Family Practice in Turkey:

Views of Family Practice Residents

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Melahat Akdeniz, MD; Hakan Yaman, MD, MS; Yeşim Şenol, MD; Zelal Akbayin, MD; Fatma Gökşin Cihan, MD; Sercan Bulut Çelik, MD; and Turkish Vasco da Gamma, MD

Table of Contents

Postgraduate Medicine:

Volume 123 No. 3


Clinical Features

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DOI: 10.3810/pgm.2011.05.2292
Abstract: Turkey’s family practice training program is aimed at providing further training to clinically proficient family physicians who serve the community. A survey conducted in 2001 revealed that there was a need for providing additional training and more time in a specially dedicated family practice placement for family practitioners. Recent changes in the Turkish health care system have also impacted the training environment of family practice residents. Clearly, training needs to change with time. The aims of this study are to investigate the attitudes of resident family practice physicians regarding their training in the health care system in order to gather their views on the hospital learning environment, and to estimate their burnout levels. For this research, the design included a 1-phase cross-sectional study. This study was undertaken in 2008 in departments of family medicine at universities (n = 21) and training and research hospitals of the Ministry of Health (n = 11). Approximately 250 family practice residents in Turkey were approached. In total, 174 residents participated (70% response rate). The survey instruments included a questionnaire with 25 queries and 2 scales: The Postgraduate Hospital Educational Environment Measure and the Maslach Burnout Questionnaire–Human Services Survey. The average age of the participants was 32.2 years (standard deviation, 4.5 years; range, 24–57 years). The gender distribution was 57.6% women and 42.4% men. Marital status was 34.7% single, 62.9% married, and 2.4% divorced/widowed. In our results, residents affirmed that university hospitals were the best facilities for residency training. Their future plans confirmed that most would like to work in family health centers. This sample showed average levels of emotional exhaustion, depersonalization, and lack of personal accomplishment. Perceptions of professional autonomy, quality of training, and social support were below average. It may be concluded that certain milestones in the development of family practice in Turkey have been fulfilled. The new regulation for postgraduate training has increased the share of family practice training to 50% (18 months). Establishment of educational family health centers has been planned. Introduction of the formative and summative assessment processes in family practice training is anticipated. It is expected that an assessment such as the Membership of the Royal College of General Practitioners (International) (mRCGP[INT]) examination would be helpful for Turkish residents in reaching these goals.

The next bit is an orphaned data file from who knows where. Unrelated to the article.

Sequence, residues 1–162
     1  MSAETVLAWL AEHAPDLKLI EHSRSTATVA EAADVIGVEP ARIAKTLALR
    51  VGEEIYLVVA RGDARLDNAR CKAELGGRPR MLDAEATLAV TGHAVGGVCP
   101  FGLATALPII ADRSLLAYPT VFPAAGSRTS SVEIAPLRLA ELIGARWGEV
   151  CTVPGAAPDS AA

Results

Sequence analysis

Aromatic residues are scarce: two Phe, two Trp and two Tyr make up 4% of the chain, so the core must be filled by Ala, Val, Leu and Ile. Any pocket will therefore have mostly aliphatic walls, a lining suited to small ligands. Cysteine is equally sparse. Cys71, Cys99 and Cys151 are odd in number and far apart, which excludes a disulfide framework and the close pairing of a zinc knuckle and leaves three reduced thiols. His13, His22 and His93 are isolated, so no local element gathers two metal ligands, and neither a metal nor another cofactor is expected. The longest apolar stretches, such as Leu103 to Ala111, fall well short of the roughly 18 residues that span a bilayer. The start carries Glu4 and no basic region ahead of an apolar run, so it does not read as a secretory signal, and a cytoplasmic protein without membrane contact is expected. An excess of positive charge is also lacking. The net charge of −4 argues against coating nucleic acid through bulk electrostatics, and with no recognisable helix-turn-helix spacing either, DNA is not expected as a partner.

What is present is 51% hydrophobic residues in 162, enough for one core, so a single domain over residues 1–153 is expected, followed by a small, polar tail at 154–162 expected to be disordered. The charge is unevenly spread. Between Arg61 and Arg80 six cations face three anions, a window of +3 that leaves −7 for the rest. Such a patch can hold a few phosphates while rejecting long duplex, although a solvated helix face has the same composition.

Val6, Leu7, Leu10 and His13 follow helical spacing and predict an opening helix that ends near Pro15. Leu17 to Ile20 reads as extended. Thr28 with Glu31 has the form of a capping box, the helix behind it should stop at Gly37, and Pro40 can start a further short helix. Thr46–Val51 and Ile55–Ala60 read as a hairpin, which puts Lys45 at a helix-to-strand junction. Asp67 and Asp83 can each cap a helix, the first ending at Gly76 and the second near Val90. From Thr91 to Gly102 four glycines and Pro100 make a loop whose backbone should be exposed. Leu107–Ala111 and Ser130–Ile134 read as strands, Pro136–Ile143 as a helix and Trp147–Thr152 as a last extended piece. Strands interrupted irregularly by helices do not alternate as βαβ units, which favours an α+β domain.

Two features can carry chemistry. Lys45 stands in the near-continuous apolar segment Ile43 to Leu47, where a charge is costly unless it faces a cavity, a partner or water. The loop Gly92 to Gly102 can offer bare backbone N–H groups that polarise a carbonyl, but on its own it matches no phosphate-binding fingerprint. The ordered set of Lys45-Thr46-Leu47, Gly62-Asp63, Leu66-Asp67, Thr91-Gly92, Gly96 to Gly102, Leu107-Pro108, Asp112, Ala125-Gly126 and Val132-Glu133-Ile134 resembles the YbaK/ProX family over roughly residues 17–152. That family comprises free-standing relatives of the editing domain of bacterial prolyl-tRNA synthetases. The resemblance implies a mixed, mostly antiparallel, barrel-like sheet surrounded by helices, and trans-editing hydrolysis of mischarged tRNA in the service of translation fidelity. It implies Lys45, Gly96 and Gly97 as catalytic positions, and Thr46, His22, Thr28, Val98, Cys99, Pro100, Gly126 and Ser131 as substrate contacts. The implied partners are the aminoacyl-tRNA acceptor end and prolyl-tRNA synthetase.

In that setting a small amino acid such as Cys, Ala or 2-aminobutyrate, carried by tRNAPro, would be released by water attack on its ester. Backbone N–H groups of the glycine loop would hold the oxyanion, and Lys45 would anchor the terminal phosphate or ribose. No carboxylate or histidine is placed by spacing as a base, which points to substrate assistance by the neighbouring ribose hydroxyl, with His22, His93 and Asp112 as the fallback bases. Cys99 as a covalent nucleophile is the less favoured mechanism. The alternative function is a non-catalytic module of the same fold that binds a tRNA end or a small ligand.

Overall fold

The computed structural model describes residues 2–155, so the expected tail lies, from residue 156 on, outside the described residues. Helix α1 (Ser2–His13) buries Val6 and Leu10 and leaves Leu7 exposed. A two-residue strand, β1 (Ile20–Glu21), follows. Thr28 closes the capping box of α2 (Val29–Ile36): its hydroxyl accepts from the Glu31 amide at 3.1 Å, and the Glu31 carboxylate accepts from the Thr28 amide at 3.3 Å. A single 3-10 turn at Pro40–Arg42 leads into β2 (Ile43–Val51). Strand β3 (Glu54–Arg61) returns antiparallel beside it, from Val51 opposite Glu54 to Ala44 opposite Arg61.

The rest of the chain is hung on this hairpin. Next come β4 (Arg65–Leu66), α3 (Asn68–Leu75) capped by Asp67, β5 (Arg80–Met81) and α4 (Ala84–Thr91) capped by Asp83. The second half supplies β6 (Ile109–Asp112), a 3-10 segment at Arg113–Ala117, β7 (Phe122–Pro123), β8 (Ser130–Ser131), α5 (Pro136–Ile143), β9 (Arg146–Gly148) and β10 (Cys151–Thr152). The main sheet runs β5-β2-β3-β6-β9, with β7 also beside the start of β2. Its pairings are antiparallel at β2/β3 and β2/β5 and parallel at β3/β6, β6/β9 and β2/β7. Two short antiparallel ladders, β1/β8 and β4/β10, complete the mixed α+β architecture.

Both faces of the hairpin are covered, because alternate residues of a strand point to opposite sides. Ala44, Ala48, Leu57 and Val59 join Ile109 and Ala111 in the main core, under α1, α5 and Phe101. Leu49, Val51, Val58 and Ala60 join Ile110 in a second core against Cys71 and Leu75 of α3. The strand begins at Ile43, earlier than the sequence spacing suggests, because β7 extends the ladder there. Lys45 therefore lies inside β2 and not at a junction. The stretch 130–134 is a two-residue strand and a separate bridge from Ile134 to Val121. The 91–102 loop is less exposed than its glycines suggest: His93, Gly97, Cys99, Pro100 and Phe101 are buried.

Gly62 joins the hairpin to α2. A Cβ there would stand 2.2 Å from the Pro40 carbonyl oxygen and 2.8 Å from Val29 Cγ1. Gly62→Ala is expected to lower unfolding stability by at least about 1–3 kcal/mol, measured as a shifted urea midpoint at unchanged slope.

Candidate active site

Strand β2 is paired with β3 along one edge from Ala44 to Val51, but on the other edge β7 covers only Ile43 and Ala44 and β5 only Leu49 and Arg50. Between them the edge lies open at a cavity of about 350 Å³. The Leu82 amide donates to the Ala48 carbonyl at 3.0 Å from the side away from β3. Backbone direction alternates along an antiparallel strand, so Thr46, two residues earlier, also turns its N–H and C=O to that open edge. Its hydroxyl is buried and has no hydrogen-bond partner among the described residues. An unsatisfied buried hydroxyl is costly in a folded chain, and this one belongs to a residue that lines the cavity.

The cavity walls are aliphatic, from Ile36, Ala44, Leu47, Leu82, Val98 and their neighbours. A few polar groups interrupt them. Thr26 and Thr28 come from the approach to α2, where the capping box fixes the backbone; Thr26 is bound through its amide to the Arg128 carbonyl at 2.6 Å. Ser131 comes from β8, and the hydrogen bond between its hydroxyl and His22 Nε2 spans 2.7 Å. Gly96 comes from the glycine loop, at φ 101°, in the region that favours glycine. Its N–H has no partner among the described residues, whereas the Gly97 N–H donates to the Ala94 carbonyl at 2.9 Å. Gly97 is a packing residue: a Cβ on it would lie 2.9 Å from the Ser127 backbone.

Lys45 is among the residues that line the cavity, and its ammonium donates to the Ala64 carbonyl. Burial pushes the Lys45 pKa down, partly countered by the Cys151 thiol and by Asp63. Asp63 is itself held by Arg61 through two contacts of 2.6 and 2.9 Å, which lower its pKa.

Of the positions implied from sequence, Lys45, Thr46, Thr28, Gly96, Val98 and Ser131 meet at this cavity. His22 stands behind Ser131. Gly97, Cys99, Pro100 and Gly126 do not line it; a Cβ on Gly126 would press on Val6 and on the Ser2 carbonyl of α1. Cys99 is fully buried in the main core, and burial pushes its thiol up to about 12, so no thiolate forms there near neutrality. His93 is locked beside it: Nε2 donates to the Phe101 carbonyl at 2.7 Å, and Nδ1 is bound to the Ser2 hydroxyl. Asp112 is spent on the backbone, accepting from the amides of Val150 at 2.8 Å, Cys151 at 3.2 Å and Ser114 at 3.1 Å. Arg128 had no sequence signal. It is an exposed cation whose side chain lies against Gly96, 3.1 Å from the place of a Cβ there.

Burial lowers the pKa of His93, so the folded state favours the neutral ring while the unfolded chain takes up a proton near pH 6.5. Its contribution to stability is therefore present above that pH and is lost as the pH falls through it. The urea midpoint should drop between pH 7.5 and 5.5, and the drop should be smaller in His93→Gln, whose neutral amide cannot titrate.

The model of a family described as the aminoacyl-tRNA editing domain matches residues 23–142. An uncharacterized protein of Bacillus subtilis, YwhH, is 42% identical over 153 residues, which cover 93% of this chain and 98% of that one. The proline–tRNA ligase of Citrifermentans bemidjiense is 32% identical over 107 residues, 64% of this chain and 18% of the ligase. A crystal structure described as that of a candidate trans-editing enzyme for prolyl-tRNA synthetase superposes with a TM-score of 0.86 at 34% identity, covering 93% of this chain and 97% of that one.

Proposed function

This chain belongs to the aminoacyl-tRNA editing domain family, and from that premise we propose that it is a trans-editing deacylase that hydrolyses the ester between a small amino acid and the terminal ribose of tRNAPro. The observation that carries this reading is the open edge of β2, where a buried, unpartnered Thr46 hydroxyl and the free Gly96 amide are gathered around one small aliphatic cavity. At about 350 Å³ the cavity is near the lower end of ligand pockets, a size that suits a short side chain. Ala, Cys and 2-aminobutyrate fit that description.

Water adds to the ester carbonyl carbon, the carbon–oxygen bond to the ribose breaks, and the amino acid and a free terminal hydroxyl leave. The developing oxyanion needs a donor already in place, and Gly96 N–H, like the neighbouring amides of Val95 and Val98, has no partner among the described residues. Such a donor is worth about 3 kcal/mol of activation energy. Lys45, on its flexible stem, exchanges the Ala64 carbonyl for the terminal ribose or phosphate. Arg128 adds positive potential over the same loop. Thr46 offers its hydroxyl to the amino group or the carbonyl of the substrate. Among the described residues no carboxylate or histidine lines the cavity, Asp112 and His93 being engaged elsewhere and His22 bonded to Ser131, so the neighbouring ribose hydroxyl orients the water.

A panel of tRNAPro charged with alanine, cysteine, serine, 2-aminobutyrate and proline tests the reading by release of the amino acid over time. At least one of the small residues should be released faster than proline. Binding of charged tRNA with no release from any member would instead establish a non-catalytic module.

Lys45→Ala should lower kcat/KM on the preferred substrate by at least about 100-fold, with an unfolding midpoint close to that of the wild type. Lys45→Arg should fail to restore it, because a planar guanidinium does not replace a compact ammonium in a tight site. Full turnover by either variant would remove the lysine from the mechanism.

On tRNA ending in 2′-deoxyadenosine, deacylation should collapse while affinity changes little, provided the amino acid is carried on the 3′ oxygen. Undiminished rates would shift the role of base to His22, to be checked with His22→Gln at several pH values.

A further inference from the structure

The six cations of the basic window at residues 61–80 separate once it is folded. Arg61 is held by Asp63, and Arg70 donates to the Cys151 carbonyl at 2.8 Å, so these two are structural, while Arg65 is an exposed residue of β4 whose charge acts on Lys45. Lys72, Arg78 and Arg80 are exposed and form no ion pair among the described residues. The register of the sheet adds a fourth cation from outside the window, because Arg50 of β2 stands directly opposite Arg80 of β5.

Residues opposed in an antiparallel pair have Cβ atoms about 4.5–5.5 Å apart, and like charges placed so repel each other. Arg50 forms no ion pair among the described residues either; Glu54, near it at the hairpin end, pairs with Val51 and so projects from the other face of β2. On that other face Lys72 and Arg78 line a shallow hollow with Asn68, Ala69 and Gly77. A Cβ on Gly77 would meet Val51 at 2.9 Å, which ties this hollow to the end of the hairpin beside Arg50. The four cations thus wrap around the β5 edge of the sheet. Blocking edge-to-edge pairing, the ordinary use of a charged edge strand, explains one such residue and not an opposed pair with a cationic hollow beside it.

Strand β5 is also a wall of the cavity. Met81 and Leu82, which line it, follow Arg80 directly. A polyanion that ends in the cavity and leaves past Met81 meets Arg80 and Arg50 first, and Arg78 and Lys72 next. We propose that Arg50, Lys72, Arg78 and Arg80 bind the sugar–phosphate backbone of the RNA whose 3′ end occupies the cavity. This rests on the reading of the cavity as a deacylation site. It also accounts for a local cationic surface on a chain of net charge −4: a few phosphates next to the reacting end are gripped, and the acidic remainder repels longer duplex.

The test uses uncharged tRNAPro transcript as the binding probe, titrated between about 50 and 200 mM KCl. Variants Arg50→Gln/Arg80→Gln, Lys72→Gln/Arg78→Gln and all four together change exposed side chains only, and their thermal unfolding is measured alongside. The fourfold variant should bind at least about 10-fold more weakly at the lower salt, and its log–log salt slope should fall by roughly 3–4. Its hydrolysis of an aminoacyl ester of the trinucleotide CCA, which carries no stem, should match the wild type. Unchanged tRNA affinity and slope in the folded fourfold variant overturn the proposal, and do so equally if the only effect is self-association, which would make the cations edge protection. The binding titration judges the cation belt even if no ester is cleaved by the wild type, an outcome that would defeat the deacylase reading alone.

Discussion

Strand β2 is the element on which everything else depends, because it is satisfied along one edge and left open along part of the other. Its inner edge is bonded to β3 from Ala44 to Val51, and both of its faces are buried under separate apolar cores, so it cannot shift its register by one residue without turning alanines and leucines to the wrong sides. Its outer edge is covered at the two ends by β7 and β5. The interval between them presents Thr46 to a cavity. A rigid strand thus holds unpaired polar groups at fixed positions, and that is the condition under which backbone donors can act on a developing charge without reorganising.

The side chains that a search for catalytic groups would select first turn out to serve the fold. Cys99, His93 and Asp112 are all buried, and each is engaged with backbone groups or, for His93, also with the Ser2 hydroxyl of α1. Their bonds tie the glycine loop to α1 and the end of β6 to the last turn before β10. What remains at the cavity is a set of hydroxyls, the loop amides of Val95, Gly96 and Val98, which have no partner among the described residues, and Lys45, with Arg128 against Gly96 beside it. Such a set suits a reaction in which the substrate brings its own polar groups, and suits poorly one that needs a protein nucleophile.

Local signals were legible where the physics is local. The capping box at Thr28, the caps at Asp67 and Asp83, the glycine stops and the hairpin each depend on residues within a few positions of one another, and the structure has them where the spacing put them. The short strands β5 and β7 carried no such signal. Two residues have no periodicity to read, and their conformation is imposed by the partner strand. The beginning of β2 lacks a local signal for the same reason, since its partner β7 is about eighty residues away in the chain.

Keywords: family practice , primary care , internship and residency , health care reform , learning , professional burnout , Turkey